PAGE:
The Challenge of Delegating

In the book, The Winning Way, co-authored with Brian Tracy, I described three key attributes for good leaders — Communicate, Calculate and Delegate.  It is interesting that this week I was faced with situations where clients were experiencing challenges all related delegation-400x275to letting go and allowing their team take on the responsibility and ability to get the job done.

Delegation — the act of passing a task or responsibility along to others, most commonly to people who are below you on the totem pole.

Delegation isn’t just a top down action.  In fact, delegation happens in all directions.  for example, my clients delegate projects and responsibility to me as their consultant (external delegation), a committee may delegate action items to specific departments or positions within an organization. Delegation happens between colleagues and collaborating departments too. When teams, from the leader on down, are engaged and share in the goals and vision of an organization, delegation is a fundamental component and can be a “make-it or break-it” facet of the results achieved.

I recently hired a new virtual assistant and I have been in the process of letting go of tasks I’ve been doing over the past few months.  This involves a change of thinking and planning.  My VA is eager to take on whatever I’ll send her way.  She’s also eager to assume role that offers me more value, and saves me time and effort.  What’s stopping me … bad habits!  Yes, its true.  I’m so used to just doing it all that I forget to delegate.

This week was a pivot point for us. My failure to effectively delegate was stopping both of us from being successful!  A great conversation where we shared, clarified and planned our next steps opened new doors.  My “aha” including the realization that I wasn’t  afraid my V.A. couldn’t do the job correctly.  Instead,  it was a failure to communicate what was in my head when I realized something needed to be done.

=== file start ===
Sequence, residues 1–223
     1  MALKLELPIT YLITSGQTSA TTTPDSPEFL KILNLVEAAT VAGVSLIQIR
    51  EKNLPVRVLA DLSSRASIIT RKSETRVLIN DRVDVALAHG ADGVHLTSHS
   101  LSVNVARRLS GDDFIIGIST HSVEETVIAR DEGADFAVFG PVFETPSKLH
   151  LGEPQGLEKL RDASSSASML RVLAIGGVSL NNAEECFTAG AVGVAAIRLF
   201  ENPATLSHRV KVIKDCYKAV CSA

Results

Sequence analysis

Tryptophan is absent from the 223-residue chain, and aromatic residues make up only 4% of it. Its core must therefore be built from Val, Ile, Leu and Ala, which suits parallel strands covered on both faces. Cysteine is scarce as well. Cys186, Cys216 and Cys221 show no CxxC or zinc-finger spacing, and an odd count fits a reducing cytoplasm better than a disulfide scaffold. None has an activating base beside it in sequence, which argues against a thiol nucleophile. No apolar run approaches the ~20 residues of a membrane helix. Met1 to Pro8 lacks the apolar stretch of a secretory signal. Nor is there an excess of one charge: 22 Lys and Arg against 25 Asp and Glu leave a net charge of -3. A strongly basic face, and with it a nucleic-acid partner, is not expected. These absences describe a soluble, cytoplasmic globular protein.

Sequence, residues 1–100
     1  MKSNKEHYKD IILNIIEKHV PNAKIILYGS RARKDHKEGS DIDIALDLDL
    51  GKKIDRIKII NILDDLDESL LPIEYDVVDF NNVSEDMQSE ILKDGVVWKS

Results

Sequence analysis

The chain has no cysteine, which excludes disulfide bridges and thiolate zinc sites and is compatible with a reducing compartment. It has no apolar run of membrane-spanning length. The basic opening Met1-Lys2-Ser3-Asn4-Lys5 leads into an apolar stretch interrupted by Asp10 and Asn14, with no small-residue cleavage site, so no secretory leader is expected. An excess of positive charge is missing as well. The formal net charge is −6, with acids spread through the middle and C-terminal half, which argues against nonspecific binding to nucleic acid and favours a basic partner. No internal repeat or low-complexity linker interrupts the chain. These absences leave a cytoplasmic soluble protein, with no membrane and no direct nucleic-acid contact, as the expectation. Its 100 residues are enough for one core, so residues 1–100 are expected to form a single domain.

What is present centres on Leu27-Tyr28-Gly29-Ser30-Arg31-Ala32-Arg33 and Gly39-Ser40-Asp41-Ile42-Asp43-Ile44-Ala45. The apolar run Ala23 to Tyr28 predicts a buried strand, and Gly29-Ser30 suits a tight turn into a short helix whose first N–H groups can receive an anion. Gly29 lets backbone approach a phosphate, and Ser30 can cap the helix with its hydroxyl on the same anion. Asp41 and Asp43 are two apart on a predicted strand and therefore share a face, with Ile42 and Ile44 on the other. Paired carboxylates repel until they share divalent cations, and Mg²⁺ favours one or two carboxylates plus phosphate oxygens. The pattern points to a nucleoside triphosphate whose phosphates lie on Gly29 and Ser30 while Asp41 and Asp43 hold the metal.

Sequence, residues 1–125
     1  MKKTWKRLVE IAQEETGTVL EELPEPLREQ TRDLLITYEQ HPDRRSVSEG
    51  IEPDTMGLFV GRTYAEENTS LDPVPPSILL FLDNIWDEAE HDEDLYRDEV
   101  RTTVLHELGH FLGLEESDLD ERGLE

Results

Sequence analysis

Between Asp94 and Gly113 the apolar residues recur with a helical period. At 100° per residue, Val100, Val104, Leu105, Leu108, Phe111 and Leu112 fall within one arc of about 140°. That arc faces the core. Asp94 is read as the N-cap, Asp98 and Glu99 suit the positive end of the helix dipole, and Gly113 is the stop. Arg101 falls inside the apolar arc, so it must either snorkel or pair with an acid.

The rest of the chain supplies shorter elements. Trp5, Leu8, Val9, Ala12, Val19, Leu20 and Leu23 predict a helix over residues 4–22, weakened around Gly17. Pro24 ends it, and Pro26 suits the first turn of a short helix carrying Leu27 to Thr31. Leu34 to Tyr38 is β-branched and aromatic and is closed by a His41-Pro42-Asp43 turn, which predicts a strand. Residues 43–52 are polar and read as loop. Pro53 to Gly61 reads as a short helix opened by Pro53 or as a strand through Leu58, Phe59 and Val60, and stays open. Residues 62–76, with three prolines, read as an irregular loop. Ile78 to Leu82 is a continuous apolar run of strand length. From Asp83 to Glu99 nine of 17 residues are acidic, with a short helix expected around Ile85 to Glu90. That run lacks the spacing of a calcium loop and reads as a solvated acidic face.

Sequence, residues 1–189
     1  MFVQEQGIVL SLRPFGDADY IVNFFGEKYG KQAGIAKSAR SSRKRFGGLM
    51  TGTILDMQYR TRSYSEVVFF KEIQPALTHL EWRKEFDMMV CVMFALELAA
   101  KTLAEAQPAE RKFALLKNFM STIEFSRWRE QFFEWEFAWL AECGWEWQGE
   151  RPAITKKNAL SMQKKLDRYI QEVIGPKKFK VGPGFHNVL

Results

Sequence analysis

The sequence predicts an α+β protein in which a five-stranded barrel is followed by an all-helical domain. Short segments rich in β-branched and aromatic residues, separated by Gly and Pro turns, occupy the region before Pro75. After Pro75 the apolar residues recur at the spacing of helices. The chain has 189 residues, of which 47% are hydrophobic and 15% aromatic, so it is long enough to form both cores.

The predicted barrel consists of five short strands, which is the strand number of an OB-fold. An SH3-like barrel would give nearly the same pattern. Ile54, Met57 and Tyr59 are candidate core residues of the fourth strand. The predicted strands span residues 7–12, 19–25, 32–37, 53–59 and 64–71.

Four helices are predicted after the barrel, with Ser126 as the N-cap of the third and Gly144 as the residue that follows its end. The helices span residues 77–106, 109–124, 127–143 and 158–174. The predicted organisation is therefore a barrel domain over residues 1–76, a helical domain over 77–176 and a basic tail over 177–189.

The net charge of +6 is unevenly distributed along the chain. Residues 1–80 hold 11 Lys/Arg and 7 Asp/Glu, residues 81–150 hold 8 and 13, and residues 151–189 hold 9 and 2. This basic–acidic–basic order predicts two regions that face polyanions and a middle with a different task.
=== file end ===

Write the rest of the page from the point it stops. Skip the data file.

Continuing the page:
Do you delegate what and when you should, or do you fall prey to the common trap of “if I do it myself it will be done right”  or only delegate tasks you don’t like doing?

Delegation, when done right will enhance morale, build trust and facilitate success for yourself, your team and your organization.


Ignite Leadership has many solutions to develop stronger leadership and better teams.  Contact us to explore how our solutions may help you improve delegation, communication, leadership and team dynamics.



Your Numbers Tell a Story

Fiscal Year End…
We all face this fact of business whether we want to or not.  I have been working on my year end for the past few days.  No major surprises, no gasps or frustrations.  Why?  I have made tracking my financial results a weekly routine.


Do your Numbers Cause you Stress?
In my book “The Winning Way“, I share three key attributes for good leaders.  Knowing your numbers was one of those attributes!  Why?  Your numbers tell you how you are doing and can provide great feedback when you are looking ahead.


I regularly work with entrepreneurs and businesses who are “financially challenged”.  In other words, they avoid their books (accounting records) because they
  • don’t like what they seeBudget Expenses
  • don’t understand what the numbers mean
  • don’t have a good record keeping system so they can’t track them if they wanted to.
If you feel this way you are not alone.  Having acknowledged this fact doesn’t mean it’s a good thing.  When you put your head in the sand your fiscal responsibilities and the numbers won’t go away.


End the Number Phobia

I encourage you to eliminate the numbers fear factor.  Your numbers offer valuable insights into your business and how to lead it into a more profitable territory when you leverage this information when making key decisions.

Numbers can be your best friend if you are ready to end that “financially challenged” feeling.   Regardless of how you track your revenues and expenses, on a spreadsheet or a software program like Quickbooks. these 5 small steps can help you ease into positive financial oversight.

1.  Look at your revenues for the week
2.  Look at your total expenses for the week.
3.  Did you earn more than you spent?  If yes, you made a profit  If no you lost money.
4.  Now identify 2 -3 small action items you can take right away to improve your revenues for next week.
5.  Recognize how these small action items made you feel.  Are you more empowered? Why /why

Getting comfortable with your numbers can take time… be patient.  If you want to build systems to grow your business, I recommend that you book a complimentary Ignite Business Assessment session.  Together we will identify your next key steps.


Can You Be A Great Leader & Have a Balanced Life?

This past weekend I was speaking a conference with some amazing business owners and professionals.  The vibe in the room was exceptional and the knowledge shared was so valuable new business owners were definitely leaving with information overload.   As a business owner with over 20 years experience as an entrepreneur, I certainly wasn’t on information overload but I have gained some great tips and tricks to help my business too.